It's All in the Plow

Unlock the secrets to snow plows with Doug Clark of Douglas Dynamics.

Winter Inline (20)

Whether you're new to the snow removal industry or an experienced snow pro, there are some plowing tips that everyone needs to know before purchasing a plow. We at SnowPro reached out to Doug Clark, Product Manager at Douglas Dynamics, to fill us in on some snow plow purchasing secrets.

Before we get into the types of plows available for your snow removal needs, let's start with the basics. Clark identifies three things to consider before getting into the purchasing stage.

1. The type of truck you plan to use

"First, what truck do you have or are you buying? The truck you’re using will go a long way to limiting your choices," Clark says. "If you have the luxury of purchasing a truck to give you your preferred plow, by all means, do so. But that’s not usually the case."

2. The climate in which you work

"Second, what is the climate where you are? Do you get huge dumps of snow or are your snowstorms smaller (in the 3 to 5 inches at a time max range)? How cold it is makes a difference too — regions where the temps stay near freezing and not a lot lower tend to have heavier, wetter snow," Clark says. "If it gets extremely cold where you are, you’re going to have fairly 'dry' snow. This makes a difference in the plow(s) you purchase."

3. What kind of contracts you have

"Finally, what kind of contracts do you have? What’s your mix of residential, small industrial and commercial, and large industrial and commercial? Are there a bunch of drive-through lanes like at small banks and fast-food places?" Clark asks. "Answers to those questions will pretty much lock down your plow options to a manageable few to pick from."

Now that you know what factors affect your buying decision, you can look at the specs that make for a good plow. According to Clark, a truly good snow plow will be reliable above all else. If you don't have the right equipment, you can't get the job done.

"Like all services, you’re either ready when you’re needed, or you aren’t," Clark says. "And if you aren’t, you’re not going to get paid. There are only so many types of plows, and while they all have their advantages, from the point of view of a professional plower, the most effective plow you can possibly have is one that’s working."

In addition to reliability, Clark recommends having a large, high-quality network of dealers to handle any problems that arise quickly and efficiently so you can get back to plowing.

However, there is still more to consider before making the big purchase.

The Right Plow for the Job

There are three main types of plows to choose from: straight blade, winged and v-plows. Each has pros and cons, but which plow you choose to buy should depend on your specific snow removal needs. 

Straight Blade Plows

A straight blade plow is a great choice for plowers just getting started in the snow removal industry.

The plow is easy to maneuver and does not require past plowing experience to operate or maintain. In addition, these plows are usually more affordable than alternative plow options. As Clark puts it, straight blade plows are the plows for everyone.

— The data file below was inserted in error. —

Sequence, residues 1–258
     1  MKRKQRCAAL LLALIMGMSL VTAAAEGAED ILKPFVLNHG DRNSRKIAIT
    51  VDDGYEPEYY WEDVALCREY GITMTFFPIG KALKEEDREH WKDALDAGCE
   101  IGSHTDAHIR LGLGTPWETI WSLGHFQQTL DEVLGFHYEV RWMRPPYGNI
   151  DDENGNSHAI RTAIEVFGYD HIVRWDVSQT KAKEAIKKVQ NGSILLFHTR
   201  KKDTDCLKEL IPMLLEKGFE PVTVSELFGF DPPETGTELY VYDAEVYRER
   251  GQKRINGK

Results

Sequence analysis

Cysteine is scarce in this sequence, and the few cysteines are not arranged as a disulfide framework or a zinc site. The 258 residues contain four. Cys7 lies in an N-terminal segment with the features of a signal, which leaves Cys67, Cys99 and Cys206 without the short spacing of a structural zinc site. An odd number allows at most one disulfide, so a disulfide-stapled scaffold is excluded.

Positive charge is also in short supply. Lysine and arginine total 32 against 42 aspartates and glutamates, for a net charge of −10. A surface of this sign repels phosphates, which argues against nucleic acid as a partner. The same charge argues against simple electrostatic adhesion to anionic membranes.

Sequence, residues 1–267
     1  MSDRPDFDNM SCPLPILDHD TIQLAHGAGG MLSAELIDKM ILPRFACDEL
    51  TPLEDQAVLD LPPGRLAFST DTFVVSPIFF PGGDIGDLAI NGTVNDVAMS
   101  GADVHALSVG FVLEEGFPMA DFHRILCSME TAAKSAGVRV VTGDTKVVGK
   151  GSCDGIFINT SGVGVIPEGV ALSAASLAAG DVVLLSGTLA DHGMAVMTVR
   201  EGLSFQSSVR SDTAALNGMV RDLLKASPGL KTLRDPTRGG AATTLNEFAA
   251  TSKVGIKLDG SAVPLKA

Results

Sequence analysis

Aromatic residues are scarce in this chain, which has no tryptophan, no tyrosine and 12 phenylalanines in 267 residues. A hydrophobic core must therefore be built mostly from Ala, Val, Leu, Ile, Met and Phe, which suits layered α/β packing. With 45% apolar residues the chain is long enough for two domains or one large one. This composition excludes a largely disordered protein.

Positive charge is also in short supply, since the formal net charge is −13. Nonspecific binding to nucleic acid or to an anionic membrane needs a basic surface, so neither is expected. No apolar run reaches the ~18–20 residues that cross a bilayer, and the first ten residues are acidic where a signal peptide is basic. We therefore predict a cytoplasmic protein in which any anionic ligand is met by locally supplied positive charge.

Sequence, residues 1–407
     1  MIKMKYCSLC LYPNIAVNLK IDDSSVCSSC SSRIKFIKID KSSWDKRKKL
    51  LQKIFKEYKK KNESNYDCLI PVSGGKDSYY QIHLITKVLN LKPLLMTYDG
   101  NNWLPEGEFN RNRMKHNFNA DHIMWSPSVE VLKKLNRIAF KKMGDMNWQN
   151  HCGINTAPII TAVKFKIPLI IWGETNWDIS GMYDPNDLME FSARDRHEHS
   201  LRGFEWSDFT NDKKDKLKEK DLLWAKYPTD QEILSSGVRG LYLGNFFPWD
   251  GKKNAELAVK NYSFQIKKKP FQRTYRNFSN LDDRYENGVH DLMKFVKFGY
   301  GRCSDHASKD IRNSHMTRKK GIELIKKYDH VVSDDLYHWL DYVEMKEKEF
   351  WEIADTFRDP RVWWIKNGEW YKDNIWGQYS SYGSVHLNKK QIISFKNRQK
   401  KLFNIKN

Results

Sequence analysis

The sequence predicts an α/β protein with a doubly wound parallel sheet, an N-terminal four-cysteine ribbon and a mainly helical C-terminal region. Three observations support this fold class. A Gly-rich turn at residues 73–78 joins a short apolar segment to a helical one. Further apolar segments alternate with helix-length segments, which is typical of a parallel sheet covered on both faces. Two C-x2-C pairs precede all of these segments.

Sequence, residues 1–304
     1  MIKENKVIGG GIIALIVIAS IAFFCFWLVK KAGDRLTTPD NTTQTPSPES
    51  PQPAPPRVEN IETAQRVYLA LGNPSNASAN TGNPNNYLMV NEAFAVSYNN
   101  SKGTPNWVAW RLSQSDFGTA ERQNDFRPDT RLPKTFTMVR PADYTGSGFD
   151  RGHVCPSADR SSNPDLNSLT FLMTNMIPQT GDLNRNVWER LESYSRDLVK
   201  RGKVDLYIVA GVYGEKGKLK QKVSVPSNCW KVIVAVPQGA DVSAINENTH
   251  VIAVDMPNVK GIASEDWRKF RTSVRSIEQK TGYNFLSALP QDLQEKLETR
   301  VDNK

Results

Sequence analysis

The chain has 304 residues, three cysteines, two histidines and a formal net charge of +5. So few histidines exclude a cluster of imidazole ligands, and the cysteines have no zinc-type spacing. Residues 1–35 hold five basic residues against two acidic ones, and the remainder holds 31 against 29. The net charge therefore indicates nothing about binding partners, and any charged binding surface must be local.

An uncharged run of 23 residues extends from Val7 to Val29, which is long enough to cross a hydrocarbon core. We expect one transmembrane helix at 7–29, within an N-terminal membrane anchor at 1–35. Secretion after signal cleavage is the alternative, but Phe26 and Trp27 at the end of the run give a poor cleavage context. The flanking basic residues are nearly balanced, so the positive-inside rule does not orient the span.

"The odds are, if you can drive, you can operate this type of plow," Clark says. "straight blade is good because there are fewer moving parts, they windrow very well and they are absolutely the lowest maintenance plows on the market. They are frequently bought when the owners are concerned about plows breaking or when they have concerns about operator experience."

Winged Plows

Winged plows have every other plow type beat in maneuverability alone. While often set at a hefty price, these plows boast efficiency and precision in commercial lots.

Many winged plows feature expandable wings to carry more snow and that can be contracted for tighter spaces such as drive-throughs and parking aisles. Yet, winged plows are best suited for more experienced snow plow operators, Clark warns.

"They are, hands down, the most efficient plows in terms of snow carried per pass on the market," Clark says. "Because the plow can still angle left and right while scooping snow, you can carry snow even around obstacles."


V-plows are highly regarded for their versatility on the job.

"If you only have one plow, the v-plow becomes the plow of choice for individual owner-operators unless you are in a region where you can count on the snow being light, dry, and not too deep," Clark says.

V-plows are able to take on the roles of both winged plows and straight blade plows on a lesser level.

"I like to call v-plows 'Swiss Army plows' because they can windrow like straight blades and can carry snow like a winged plow, but can also open holes, particularly in drifts, which the other two don’t do as well," Clark says. "But they do not plow like straight blades and they don’t quite carry snow around obstacles like a winged plow, so there are tradeoffs that keep the v-plow from being the only plow on the market."

And with that, it's now up to your personal preference as far as snow plow brands, plow add-ons and more. How will you plow?